T. Gwynn Jones
This article needs additional citations for verification. (September 2010) (Learn how and when to remove this template message)
Professor Thomas Gwynn Jones C.B.E. (10 October 1871 – 7 March 1949), more widely known as T. Gwynn Jones, was a leading Welsh poet, scholar, literary critic, novelist, translator, and journalist who did important work in Welsh literature, Welsh education, and the study of Welsh folk tales in the first half of the twentieth century. He was also an accomplished translator into Welsh of works from English, German, Greek, and Irish.
Professor T. Gwynn Jones
Anonymous portrait of T. Gwynn Jones in the National Library of Wales
10 October 1871
|Died||7 March 1949 (aged 77)|
|Other names||Gwynvre ap Iwan|
|Occupation||Journalist, librarian, academic and poet|
|Title||Emeritus Professor of Celtic|
|Spouse(s)||Margaret Jane Davies|
|Children||Eluned, Arthur ap Gwynn, Llywelyn|
|Parent(s)||Isaac Jones and Jane Roberts|
|Awards||National Eisteddfod Chair (1902 and 1905), D.Litt (Wales) (1937), D.Litt (Eire) (1937), C.B.E. (1937)|
Thomas Jones was born at Y Gwyndy Uchaf in Betws-yn-Rhos, Denbighshire, Wales, the eldest son of Isaac Jones and Jane Roberts. He was educated in Denbigh and Abergele. In 1899 he married Margaret Jane Davies, the daughter of Thomas Davies of Denbigh, by whom he had three children.
In 1890 he was a sub-editor on the Welsh-language newspaper Baner ac Amserau Cymru (Y Faner). He wrote a famous biography of the great Liberal publisher Thomas Gee, whose work influenced Jones throughout his life. After many years as a journalist, Jones worked at the National Library of Wales, Aberystwyth, and later as a lecturer in the Welsh department at the University College of Wales, Aberystwyth, where he became a professor in 1919.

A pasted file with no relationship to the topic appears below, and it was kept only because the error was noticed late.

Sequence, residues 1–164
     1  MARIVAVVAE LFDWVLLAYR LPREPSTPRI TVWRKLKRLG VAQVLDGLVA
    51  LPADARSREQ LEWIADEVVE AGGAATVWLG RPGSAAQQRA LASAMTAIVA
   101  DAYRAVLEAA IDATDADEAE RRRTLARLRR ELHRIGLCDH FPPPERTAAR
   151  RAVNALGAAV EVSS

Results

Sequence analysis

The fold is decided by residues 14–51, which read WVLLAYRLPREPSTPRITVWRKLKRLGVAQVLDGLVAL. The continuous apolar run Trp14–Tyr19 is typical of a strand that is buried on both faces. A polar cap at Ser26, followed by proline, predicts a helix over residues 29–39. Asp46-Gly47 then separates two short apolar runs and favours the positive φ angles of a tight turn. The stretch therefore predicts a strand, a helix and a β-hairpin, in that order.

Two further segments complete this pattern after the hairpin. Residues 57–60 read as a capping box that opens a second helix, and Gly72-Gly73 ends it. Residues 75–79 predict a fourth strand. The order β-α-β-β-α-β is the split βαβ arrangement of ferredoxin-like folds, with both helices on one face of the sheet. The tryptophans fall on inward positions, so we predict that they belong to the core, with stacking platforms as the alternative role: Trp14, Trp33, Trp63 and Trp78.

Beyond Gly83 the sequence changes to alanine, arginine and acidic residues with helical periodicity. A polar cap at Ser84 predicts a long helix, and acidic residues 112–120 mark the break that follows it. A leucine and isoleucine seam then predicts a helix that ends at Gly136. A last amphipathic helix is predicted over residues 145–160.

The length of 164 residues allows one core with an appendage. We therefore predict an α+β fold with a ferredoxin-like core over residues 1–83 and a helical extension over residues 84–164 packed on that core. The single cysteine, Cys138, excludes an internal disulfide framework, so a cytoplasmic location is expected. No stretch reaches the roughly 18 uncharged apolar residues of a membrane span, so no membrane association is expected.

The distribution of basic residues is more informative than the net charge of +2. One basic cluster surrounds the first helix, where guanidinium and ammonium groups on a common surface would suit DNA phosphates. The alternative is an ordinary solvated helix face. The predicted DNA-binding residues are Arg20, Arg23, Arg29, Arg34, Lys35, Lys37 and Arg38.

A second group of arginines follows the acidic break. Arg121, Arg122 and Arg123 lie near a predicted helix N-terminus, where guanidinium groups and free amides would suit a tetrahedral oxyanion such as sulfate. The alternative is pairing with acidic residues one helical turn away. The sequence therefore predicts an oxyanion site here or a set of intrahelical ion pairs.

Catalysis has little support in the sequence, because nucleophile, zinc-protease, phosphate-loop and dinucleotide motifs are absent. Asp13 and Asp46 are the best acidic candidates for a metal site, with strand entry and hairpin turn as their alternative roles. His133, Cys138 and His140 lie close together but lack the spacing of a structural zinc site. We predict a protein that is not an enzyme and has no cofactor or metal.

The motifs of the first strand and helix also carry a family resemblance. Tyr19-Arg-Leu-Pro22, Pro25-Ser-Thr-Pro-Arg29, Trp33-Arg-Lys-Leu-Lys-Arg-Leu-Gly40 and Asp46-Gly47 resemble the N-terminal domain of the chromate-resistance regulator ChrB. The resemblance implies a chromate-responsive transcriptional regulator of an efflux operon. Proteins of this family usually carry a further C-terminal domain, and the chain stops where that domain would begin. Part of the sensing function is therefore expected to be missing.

A strong opponent of the First World War, Jones walked out of the Tabernacle Chapel in Aberystwyth when the minister offered a prayer for a British victory in the war. He later wrote "If there's anything I understand from the New Testament, it is that Jesus Christ is not a militaristic person. He is the Saviour of the world, he is the Prince of Peace. Therefore those who say they are Christians, followers of Christ must reject war totally."
T. Gwynn Jones's writings had a significant influence on Robert Graves in his mythopoeic study The White Goddess. Graves developed his suggestion of a distinction between the restricted poetry of the official Welsh bards, and the more expansive and fanciful unofficial Welsh writings: "The tales and Romances, on the other hand, are full of colour and incident; even characterzation is not absent from them...imagination".
- Astudiaethau (1936)
- (trans.), Awen y Gwyddyl (1922) – translated Irish poetry.
- Bardism and Romance (1914)
- Beirniadaeth a Myfyrdod (1935)
- (trans.), Blodau o Hen Ardd (1927) – translated Greek epigrams.
- Brethyn Cartref (1913)
- Brithgofion (1944)
- Caniadau (1934)
- Cofiant Thomas Gee (1913)
- Cymeriadau (1933)
- Y Dwymyn (1944)
- Dyddgwaith (1937)
- Eglwys y Dyn Tlawd (1892)
- Emrys ap Iwan. Cofiant (1912)
- (trans.), Faust by Goethe (1922)
- Gwedi Brad a Gofid (1898)
- (ed.) Gwaith Tudur Aled, 2 vols., (1926)
- Gwlad y Gân a cherddi eraill (1902)
- John Homer (1923)
- Lona (1923)
- Llenyddiaeth Y Cymry (1915)
- Rhieingerddi'r Gogynfeirdd (1915)
- (trans.) Visions of the Sleeping Bard (1940)
- Welsh Folklore and Welsh Folk-custom (1930)
- Gwyndaf, Robin (1981), "A Classic of Welsh Folklore Reissued", Folklore, 92: 190, doi:10.1080/0015587x.1981.9716205, JSTOR 1259472
- Shipton, Martin (30 December 2014), "The First World War, pacifism, and the cracks in Wales' Nonconformism movement", WalesOnline, retrieved 9 December 2019
- "No. 34396". The London Gazette (Supplement). 11 May 1937. p. 3089.
- Quoted in Graves, Robert (1997), The White Goddess, Manchester, pp. 14–15